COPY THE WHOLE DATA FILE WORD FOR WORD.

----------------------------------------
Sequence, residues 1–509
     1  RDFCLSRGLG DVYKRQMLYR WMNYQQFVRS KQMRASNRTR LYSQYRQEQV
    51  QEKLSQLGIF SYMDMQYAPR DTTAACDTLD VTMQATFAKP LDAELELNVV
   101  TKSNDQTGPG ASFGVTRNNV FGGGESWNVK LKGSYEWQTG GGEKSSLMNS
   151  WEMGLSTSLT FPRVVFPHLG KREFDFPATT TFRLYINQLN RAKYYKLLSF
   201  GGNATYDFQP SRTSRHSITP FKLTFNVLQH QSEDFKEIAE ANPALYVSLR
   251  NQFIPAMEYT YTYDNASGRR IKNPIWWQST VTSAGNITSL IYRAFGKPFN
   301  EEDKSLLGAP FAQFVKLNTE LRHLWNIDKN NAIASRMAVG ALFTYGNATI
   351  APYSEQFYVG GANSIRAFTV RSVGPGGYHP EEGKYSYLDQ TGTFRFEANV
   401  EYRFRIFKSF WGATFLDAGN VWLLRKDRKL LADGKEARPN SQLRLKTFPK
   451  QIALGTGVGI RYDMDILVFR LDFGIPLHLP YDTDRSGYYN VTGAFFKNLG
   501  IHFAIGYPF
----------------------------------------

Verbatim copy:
Sequence, residues 1–509
     1  RDFCLSRGLG DVYKRQMLYR WMNYQQFVRS KQMRASNRTR LYSQYRQEQV
    51  QEKLSQLGIF SYMDMQYAPR DTTAACDTLD VTMQATFAKP LDAELELNVV
   101  TKSNDQTGPG ASFGVTRNNV FGGGESWNVK LKGSYEWQTG GGEKSSLMNS
   151  WEMGLSTSLT FPRVVFPHLG KREFDFPATT TFRLYINQLN RAKYYKLLSF
   201  GGNATYDFQP SRTSRHSITP FKLTFNVLQH QSEDFKEIAE ANPALYVSLR
   251  NQFIPAMEYT YTYDNASGRR IKNPIWWQST VTSAGNITSL IYRAFGKPFN
   301  EEDKSLLGAP FAQFVKLNTE LRHLWNIDKN NAIASRMAVG ALFTYGNATI
   351  APYSEQFYVG GANSIRAFTV RSVGPGGYHP EEGKYSYLDQ TGTFRFEANV
   401  EYRFRIFKSF WGATFLDAGN VWLLRKDRKL LADGKEARPN SQLRLKTFPK
   451  QIALGTGVGI RYDMDILVFR LDFGIPLHLP YDTDRSGYYN VTGAFFKNLG
   501  IHFAIGYPF